Computer and mobile phone waste on the rise

Electronic equipment makes daily tasks easier, but when they start to malfunction, the leftover waste increases.

Aisyah Basaruddin
Aisyah Basaruddin
12 May 2024 10:00am
Among the electrical and electronic appliances disposed of and collected at the landfill site.
Among the electrical and electronic appliances disposed of and collected at the landfill site.
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PUTRAJAYA - Computers, fans and mobile phones are among the electronic waste (e-waste) items that are increasingly being disposed of or sent to landfills.

Other equipment, such as microwaves, ovens, air conditioners, televisions and refrigerators, were either given away for free or sold for recycling.

Alam Flora Environmental Solution Sdn Bhd (AFES) project manager Ismi Azura Istear Khan said they would purchase e-waste items starting from RM1 per unit for items like printers and vacuum cleaners, up to RM15 for air conditioners and laptops.

"From our observation, the increase in e-waste is possibly due to the lifestyle of people who constantly use gadgets.

"Electronic equipment makes daily tasks easier, but when they start to malfunction, the leftover waste increases," she told Sinar.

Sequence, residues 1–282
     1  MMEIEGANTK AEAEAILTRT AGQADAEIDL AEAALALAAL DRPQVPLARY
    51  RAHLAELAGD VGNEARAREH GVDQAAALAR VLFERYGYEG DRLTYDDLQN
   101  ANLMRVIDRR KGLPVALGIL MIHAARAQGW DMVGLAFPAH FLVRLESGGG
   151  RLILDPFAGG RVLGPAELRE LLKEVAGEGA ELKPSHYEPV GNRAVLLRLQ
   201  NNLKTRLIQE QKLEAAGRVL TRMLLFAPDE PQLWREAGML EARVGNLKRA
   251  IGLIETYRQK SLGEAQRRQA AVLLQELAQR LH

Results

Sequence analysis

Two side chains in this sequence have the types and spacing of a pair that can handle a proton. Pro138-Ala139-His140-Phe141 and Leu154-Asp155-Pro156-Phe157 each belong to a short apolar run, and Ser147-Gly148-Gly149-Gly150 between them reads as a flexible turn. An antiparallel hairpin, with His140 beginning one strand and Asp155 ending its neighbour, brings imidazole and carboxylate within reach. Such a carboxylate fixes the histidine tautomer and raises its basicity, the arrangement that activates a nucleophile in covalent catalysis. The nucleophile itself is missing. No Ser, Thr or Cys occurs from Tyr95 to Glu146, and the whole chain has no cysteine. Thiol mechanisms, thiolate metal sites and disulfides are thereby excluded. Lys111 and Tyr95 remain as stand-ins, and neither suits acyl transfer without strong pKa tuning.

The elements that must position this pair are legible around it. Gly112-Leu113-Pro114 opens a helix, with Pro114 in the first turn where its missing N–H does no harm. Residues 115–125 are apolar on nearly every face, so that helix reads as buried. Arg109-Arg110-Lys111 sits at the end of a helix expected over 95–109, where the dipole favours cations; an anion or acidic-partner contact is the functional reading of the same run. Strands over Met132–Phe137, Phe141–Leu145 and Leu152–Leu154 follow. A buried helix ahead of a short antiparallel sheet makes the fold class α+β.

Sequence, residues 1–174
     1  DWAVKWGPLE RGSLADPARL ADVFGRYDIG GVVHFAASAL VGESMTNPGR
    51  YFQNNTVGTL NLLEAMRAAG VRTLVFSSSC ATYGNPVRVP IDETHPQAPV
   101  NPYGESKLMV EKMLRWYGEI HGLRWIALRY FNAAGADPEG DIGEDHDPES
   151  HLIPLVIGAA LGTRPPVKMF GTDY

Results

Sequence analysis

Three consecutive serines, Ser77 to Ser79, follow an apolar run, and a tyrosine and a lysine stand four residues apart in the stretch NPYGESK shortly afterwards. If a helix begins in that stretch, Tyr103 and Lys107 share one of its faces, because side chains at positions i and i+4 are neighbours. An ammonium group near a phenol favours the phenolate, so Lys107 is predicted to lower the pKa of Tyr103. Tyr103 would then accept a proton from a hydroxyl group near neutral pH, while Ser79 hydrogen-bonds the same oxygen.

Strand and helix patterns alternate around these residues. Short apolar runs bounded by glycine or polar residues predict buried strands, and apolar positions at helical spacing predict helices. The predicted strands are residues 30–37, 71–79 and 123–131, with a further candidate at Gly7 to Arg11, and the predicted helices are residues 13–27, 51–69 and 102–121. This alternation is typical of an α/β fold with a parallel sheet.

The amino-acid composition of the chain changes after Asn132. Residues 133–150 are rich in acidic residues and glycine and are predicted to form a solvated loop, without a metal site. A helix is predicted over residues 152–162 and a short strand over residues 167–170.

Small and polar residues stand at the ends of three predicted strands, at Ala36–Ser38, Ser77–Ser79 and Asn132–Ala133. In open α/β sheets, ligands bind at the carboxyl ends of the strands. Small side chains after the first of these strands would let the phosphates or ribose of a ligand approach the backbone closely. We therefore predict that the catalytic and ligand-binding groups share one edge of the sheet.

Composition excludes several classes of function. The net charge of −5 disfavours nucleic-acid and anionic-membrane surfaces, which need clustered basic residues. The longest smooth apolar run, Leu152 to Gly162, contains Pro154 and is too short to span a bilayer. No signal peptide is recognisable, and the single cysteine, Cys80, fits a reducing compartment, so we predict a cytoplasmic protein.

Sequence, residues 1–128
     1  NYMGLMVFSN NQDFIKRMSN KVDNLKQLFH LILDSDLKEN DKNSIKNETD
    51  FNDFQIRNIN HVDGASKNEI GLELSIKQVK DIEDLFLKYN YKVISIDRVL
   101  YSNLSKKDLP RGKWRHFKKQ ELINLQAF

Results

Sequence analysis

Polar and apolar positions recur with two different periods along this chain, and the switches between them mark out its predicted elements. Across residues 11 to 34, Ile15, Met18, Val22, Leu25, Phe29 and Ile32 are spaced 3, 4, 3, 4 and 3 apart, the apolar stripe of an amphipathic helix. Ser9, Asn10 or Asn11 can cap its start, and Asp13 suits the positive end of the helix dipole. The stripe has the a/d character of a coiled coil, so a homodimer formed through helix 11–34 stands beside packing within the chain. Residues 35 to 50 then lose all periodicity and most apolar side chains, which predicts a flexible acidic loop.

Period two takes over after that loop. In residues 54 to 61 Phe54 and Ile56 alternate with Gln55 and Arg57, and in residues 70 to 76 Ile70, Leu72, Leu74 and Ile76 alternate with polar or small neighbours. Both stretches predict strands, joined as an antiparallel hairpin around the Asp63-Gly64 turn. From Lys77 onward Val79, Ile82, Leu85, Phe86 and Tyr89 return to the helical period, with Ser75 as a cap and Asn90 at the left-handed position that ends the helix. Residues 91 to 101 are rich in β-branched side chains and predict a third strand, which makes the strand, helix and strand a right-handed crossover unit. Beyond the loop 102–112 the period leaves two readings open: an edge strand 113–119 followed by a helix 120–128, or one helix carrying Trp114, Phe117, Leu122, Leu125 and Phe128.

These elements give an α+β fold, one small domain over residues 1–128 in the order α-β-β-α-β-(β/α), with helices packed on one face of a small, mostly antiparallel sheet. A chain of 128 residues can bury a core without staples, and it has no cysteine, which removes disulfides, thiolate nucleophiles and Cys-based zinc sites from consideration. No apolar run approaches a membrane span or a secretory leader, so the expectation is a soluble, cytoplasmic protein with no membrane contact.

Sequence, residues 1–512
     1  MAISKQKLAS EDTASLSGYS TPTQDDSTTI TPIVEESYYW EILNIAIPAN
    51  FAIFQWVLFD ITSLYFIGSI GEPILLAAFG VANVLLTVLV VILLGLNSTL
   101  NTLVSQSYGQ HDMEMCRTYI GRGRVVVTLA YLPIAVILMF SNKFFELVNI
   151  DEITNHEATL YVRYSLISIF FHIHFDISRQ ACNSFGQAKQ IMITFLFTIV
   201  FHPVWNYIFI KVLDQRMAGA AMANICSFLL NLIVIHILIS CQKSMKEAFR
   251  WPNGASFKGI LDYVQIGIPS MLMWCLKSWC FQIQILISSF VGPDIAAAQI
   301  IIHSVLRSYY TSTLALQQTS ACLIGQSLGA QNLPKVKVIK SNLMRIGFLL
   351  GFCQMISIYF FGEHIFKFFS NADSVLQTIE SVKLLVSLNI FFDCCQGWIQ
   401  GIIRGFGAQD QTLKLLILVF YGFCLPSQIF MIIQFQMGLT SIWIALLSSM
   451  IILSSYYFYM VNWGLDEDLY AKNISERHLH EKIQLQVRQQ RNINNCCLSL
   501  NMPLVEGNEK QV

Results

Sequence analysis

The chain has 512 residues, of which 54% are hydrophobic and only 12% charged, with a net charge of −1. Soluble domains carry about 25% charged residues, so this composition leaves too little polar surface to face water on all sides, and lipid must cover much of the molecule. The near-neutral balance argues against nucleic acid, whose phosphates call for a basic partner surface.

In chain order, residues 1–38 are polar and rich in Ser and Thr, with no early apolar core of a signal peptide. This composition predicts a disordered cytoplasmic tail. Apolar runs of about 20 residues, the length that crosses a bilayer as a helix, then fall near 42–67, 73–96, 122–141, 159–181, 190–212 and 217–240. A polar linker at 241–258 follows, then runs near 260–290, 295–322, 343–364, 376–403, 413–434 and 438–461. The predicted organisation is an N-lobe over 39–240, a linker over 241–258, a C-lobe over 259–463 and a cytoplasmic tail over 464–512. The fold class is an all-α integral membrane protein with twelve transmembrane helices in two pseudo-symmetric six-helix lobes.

Meanwhile, Ismi said that improper disposal of e-waste could have a significant impact on humans, such as through air pollution, which could affect health.

She said that if not disposed of properly, hazardous materials such as mercury or bromine could seep into the soil, disrupting the ecosystem of flora and fauna.

She added that the disposal method for e-waste requires more detailed attention compared to regular waste such as cooking oil, hence the handling costs are inevitably higher.

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"Therefore, besides encouraging the public to send e-waste to disposal sites, we also promote recycling practices or repairing old items before disposal.

"This does not mean that if e-waste items are slightly damaged, they should be discarded immediately.

"Repair them first so that we don't need to use new resources to create new items.

"Additionally, return them to the manufacturers as done in developed countries that follow the concept of Extended Producer Responsibility (EPR)," she said.